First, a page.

3 Crucial Ways That Risk-Taking Fosters Accountability in the Workplace
Article | Accountability Insights
A risk-averse culture can get in the way of innovation and creativity. Why you should encourage employees to take risks — and teach them to stop fearing failure.
In the business world, risk-taking can be a daunting prospect — failure can endanger your professional aspirations and your organization at large. But studies show that when assessing risk, we tend to overestimate the probability of something going wrong.
While it might seem wise to err on the side of caution, this conservative approach stymies our ability to innovate, think outside the box, and learn from our mistakes. Driven by fear, many employees avoid risk-taking behavior altogether, instead of sticking to a narrow script and achieving the bare minimum needed to stay afloat.
If enacted with full transparency, risk-taking can increase engagement and accountability, propelling your entire business towards its Key Results. Here are three reasons why leaders should begin to foster a culture of risk-taking.
1. Risk-Taking Encourages Ownership and Accountability
When an employee takes a risk, they must bear full responsibility for the outcome — for better or for worse. If an employee truly believes that his or her out-of-the-box solution could move the team closer to the company’s Key Results, then it’s a risk worth taking. If the solution works, employees gain a sense of pride and satisfaction in their work and will be more motivated to take risks in the future. And in the event that things do not go as planned, employees can take ownership of their actions and move on, eliminating counterproductive finger-pointing and the “blame game.”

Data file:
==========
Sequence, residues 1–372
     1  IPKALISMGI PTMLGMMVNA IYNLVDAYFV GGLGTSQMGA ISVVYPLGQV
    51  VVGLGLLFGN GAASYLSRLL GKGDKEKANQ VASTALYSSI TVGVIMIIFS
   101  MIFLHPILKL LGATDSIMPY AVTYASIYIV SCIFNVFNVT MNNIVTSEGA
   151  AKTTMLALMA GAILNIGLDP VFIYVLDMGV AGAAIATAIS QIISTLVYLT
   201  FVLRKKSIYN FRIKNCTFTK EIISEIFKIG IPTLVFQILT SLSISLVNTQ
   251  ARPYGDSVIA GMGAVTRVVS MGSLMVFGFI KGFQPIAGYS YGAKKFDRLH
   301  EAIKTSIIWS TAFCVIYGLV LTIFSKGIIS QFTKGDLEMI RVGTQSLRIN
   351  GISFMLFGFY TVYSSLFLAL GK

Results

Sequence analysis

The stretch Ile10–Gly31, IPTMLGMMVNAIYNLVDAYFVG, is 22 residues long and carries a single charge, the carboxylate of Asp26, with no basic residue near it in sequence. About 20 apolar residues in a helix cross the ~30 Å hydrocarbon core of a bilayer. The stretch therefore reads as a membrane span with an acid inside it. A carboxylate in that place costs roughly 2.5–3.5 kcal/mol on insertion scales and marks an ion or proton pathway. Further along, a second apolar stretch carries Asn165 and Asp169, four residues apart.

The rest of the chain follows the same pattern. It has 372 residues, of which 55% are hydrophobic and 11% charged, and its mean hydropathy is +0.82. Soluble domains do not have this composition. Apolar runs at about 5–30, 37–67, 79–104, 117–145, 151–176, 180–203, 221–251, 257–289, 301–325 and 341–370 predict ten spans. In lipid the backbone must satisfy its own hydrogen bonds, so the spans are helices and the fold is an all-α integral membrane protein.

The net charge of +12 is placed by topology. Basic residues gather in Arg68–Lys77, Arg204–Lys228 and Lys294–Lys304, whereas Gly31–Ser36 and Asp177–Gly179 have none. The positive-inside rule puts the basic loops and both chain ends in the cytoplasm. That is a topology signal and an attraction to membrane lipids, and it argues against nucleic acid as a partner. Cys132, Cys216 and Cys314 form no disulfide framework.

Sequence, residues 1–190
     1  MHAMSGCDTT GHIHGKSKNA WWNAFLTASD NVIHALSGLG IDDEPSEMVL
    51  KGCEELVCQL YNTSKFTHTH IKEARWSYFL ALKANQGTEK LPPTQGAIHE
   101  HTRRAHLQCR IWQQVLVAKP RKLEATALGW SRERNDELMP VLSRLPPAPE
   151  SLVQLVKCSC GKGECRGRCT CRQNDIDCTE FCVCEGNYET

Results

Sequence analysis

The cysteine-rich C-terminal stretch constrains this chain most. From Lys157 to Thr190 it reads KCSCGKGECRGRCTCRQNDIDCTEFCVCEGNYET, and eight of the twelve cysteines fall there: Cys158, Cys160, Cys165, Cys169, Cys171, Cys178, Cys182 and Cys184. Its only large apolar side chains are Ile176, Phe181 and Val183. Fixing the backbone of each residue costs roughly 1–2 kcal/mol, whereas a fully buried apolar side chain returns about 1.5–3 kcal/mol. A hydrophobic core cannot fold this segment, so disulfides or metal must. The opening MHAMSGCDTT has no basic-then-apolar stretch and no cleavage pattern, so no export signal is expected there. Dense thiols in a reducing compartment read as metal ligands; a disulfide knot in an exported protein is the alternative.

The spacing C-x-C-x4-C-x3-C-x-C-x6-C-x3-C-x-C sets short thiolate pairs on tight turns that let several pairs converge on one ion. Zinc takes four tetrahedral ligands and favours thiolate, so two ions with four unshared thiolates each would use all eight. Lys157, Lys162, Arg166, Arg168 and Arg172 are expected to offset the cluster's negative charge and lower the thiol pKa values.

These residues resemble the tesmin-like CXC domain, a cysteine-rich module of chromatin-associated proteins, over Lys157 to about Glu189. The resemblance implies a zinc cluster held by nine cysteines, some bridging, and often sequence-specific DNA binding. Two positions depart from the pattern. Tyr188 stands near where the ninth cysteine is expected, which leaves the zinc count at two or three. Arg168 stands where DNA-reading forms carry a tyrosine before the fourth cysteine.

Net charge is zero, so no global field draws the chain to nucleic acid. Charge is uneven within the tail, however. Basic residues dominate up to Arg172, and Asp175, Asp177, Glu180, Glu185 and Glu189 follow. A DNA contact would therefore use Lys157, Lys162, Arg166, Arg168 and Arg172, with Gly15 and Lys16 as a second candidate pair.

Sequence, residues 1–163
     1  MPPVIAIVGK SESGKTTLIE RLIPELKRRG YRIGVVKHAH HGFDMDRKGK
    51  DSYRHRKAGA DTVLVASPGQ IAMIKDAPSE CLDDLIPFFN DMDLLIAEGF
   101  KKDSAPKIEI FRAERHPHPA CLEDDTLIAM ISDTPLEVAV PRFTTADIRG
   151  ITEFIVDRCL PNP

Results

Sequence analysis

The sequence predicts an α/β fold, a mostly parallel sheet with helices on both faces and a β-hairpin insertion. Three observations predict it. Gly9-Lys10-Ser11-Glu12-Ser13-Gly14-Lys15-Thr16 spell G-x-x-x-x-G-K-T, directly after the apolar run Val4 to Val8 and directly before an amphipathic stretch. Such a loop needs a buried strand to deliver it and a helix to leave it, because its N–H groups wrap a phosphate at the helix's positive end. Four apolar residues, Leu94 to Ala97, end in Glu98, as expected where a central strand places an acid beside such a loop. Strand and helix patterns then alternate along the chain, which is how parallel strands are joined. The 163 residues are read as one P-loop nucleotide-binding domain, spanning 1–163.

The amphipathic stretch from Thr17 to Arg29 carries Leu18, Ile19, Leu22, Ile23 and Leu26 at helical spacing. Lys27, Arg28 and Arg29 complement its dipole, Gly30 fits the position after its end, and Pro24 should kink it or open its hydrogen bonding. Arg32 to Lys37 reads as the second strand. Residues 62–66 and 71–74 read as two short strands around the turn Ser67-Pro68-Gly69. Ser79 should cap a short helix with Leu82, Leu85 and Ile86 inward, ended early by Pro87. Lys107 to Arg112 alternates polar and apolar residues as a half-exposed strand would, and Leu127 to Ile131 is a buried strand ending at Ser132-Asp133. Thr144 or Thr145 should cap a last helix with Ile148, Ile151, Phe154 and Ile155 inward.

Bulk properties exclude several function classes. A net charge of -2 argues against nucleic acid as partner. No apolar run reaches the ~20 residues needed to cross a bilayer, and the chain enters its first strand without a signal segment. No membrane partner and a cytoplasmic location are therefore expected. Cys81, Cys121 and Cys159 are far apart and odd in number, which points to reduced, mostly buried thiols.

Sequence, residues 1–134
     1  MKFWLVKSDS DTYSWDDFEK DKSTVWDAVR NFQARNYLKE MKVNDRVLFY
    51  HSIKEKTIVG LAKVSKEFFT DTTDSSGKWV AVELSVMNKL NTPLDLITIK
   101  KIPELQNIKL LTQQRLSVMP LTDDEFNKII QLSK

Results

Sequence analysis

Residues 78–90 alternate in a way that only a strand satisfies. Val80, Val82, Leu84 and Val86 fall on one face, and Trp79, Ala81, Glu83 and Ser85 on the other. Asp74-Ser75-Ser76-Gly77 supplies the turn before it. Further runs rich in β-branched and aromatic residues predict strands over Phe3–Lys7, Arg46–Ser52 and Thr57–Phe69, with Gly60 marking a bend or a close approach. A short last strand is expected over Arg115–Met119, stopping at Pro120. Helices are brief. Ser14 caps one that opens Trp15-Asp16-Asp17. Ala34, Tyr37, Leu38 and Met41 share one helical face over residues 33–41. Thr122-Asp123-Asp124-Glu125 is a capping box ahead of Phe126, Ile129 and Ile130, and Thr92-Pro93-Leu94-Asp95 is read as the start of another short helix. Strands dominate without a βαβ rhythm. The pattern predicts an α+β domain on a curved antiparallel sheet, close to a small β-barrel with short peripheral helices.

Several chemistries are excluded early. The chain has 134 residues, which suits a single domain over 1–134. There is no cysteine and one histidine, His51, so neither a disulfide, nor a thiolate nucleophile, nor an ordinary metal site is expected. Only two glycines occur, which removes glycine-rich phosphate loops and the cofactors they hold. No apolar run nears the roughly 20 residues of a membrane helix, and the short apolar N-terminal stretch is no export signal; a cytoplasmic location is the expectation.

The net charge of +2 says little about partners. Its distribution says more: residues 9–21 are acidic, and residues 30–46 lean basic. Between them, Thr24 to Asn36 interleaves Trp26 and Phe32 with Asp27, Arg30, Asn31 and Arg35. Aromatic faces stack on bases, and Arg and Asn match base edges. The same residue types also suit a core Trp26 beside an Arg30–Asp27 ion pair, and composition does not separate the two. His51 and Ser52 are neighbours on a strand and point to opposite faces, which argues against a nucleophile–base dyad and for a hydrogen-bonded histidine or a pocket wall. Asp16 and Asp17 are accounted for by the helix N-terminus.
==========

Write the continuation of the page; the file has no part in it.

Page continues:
2. Inaction Comes at a High Price
Inaction costs much more than most leaders realize. In a world where technological advances move industries forward at lightning speed, “playing it safe” is not actually very safe at all. Encourage your team to come forward with new ideas and strategies, especially those that integrate innovative technologies and cutting-edge processes — otherwise, you may find yourself falling behind the competition.
3. Innovation is Born from a Fail-Fast Approach
There are different types of failure — and not all of them are bad! People who rock the boat, push back against established wisdom, and dare to test out innovative strategies are bound to fall short now and again. The mark of a good risk-taker, though, is how they bounce back from failure. Create a culture in which you reward your employees’ innovative efforts, no matter the outcome.
Risk-taking encourages transparency, ownership, and accountability. Don’t let your employees fall into the trap of just fulfilling duties and punching a timecard. Encourage each and every member of your team to think creatively and share their ideas with others. When you reward risk-taking, employees will take accountability for both the company’s successes and failures, ultimately helping your organization achieve its Key Results.
Join me for an upcoming webinar where I discuss all this in How to Make Failures Work for You.